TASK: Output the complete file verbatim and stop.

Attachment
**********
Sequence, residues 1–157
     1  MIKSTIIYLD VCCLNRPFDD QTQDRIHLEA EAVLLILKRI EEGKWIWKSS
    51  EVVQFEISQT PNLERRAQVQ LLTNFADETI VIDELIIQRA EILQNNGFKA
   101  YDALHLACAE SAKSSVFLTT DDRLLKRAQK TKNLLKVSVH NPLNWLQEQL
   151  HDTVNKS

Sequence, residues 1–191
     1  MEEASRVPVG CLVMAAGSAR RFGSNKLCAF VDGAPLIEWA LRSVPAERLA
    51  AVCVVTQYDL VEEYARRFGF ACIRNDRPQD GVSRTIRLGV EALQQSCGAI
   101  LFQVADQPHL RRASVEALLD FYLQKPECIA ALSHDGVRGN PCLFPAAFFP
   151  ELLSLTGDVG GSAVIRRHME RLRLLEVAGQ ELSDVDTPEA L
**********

Sequence, residues 1–157
     1  MIKSTIIYLD VCCLNRPFDD QTQDRIHLEA EAVLLILKRI EEGKWIWKSS
    51  EVVQFEISQT PNLERRAQVQ LLTNFADETI VIDELIIQRA EILQNNGFKA
   101  YDALHLACAE SAKSSVFLTT DDRLLKRAQK TKNLLKVSVH NPLNWLQEQL
   151  HDTVNKS

Sequence, residues 1–191
     1  MEEASRVPVG CLVMAAGSAR RFGSNKLCAF VDGAPLIEWA LRSVPAERLA
    51  AVCVVTQYDL VEEYARRFGF ACIRNDRPQD GVSRTIRLGV EALQQSCGAI
   101  LFQVADQPHL RRASVEALLD FYLQKPECIA ALSHDGVRGN PCLFPAAFFP
   151  ELLSLTGDVG GSAVIRRHME RLRLLEVAGQ ELSDVDTPEA L